Hi and welcome to Just Answer!Generally - as long as you provide her name, address and SSN while claim a credit - there should not be any issues.
The question might be if you properly classified her as an independent contractor. In determining whether the person providing service is an employee or an independent contractor, all information that provides evidence of the degree of control and independence must be considered.
The IRS uses three characteristics to determine the relationship between businesses and workers:1. Behavioral Control covers facts that show whether the business has a right to direct or control how the work is done through instructions, training or other means.2. Financial Control covers facts that show whether the business has a right to direct or control the financial and business aspects of the worker's job.3. Type of Relationship factor relates to how the workers and the business owner perceive their relationship. If you have the right to control or direct not only what is to be done, but also how it is to be done, then your workers are most likely employees. If you can direct or control only the result of the work done -- and not the means and methods of accomplishing the result -- then your workers are probably independent contractors.
Let me know if you need any help.
other issue is I'll owe appx $2K when I mail in my LATE tax return. I'm sure I'll have additional interest/failure to file and failure to pay penalties. Should I include any requests in my LATE tax return to reduce the bill? I've suffered w/ this economy and can't pay this tax bill so I'll be mailing in return w/ NO payment.
Yes - you will be charges interest and penalties based on the amount you pay late - after Apr 15.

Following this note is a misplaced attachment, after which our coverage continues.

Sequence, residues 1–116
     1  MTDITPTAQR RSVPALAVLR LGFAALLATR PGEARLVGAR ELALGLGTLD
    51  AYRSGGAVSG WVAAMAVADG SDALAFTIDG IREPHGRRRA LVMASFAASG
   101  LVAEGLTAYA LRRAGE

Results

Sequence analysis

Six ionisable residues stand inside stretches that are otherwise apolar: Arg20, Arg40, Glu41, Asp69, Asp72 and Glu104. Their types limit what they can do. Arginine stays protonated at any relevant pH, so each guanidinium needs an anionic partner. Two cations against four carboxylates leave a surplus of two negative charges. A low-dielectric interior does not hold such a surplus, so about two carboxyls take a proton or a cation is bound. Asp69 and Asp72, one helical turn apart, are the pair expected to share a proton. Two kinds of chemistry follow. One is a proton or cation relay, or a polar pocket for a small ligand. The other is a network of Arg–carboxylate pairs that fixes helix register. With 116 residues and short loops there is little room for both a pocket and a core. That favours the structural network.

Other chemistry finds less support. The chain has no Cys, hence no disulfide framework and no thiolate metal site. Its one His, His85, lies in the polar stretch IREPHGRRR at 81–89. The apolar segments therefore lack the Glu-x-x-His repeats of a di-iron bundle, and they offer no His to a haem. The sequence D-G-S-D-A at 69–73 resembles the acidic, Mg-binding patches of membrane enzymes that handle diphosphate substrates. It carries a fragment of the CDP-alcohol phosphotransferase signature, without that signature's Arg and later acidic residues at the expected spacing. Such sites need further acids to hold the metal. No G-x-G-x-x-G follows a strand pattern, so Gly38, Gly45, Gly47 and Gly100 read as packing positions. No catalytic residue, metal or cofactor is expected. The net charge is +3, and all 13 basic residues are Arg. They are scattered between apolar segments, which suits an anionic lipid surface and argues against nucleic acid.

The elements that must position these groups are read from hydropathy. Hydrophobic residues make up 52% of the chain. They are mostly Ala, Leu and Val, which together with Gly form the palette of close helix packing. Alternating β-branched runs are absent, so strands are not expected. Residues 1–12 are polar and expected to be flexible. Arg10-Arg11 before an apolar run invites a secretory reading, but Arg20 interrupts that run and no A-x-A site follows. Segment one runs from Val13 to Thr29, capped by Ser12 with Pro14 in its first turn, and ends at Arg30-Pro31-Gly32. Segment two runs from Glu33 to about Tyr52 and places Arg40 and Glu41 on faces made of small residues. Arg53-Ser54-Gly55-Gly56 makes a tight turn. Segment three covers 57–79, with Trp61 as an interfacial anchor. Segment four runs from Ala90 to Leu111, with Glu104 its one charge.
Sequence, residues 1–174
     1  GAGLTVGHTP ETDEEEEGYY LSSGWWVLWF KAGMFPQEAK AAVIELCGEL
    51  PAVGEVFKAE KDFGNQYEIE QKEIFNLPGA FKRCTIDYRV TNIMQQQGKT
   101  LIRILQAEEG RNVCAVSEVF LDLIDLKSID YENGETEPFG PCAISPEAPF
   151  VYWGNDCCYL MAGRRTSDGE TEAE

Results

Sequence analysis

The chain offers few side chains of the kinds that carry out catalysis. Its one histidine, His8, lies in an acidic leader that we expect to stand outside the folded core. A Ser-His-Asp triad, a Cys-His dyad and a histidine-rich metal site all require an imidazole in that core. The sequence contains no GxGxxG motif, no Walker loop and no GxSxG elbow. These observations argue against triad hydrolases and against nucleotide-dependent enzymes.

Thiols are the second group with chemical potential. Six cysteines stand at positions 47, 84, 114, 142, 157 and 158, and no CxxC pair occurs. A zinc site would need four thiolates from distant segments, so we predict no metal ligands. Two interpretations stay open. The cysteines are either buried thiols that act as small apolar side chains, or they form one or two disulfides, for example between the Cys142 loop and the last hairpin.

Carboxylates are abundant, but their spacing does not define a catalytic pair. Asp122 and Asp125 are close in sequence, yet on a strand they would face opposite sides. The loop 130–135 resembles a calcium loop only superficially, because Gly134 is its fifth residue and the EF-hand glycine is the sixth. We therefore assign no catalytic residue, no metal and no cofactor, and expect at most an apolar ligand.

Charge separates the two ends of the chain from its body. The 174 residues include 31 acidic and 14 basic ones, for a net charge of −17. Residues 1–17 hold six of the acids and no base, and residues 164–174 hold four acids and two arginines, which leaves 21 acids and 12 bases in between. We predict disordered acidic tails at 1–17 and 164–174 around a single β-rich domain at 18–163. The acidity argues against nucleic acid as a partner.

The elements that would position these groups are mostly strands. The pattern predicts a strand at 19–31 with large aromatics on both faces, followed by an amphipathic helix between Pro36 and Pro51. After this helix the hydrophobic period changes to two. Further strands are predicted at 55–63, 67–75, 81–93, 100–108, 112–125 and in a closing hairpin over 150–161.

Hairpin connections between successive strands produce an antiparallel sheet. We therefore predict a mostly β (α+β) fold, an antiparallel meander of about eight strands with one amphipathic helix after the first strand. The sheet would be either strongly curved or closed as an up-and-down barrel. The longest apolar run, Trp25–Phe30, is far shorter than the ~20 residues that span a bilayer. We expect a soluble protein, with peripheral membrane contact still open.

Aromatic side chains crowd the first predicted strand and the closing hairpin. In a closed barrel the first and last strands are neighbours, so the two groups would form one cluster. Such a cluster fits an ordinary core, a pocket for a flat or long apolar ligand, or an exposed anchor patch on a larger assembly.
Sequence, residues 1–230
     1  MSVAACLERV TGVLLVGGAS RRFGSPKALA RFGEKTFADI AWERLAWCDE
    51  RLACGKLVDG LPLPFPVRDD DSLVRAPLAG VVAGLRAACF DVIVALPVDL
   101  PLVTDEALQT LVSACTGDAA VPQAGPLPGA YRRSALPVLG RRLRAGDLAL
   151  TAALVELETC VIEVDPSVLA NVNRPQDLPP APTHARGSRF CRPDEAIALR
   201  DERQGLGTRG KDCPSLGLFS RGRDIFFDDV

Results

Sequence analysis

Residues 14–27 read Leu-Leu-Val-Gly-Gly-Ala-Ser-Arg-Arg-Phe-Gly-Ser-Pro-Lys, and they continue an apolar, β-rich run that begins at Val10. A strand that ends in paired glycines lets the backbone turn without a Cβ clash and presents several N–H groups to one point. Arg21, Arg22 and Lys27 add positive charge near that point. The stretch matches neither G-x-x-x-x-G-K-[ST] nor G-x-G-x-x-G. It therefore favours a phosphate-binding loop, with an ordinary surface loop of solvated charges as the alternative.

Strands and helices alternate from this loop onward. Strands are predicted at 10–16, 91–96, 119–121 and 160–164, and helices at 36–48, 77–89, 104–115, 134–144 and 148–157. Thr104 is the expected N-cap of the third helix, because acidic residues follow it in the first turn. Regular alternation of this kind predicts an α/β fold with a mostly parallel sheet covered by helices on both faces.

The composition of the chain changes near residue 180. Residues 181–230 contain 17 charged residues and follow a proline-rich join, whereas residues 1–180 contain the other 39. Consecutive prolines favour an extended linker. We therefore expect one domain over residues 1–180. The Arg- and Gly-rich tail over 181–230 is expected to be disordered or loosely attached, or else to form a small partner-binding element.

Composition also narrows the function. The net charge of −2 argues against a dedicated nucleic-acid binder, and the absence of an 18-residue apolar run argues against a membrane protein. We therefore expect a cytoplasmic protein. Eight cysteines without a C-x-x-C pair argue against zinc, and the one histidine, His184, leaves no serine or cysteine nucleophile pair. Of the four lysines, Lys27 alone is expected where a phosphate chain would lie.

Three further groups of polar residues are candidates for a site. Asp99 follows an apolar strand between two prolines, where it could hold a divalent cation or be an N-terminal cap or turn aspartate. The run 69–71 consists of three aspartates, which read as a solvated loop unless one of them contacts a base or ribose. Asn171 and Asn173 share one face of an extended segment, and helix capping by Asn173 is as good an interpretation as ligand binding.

It is very unlikely that the IRS will abate interest charges, but may abate penalties.
If you owe tax and don't file on time, the total late-filing penalty is usually five percent of the tax owed for each month, or part of a month that your return is late, up to five months.
Generally, interest is charged on any unpaid tax from the due date of the return until the date of payment. The interest rate is determined quarterly and is the federal short-term rate plus 3 percent. Interest is compounded daily. You'll generally have to pay a late payment penalty of one-half of one percent of the tax owed for each month, or part of a month, that the tax remains unpaid from the due date, until the tax is paid in full or the 25% maximum penalty is reached.
You may file form 843 to request the penalties be abated - www.irs.gov/pub/irs-pdf/f843.pdf. Here are instructions - http://www.irs.gov/pub/irs-pdf/i843.pdf
That is a relatively new form - previously the IRS accepted an abate request as a free form letter that may be attached to a tax return or sent separately.
First of all - try the IRS to abate penalties - there is nothing to lose - but in case of success - a part of the problem will be solved.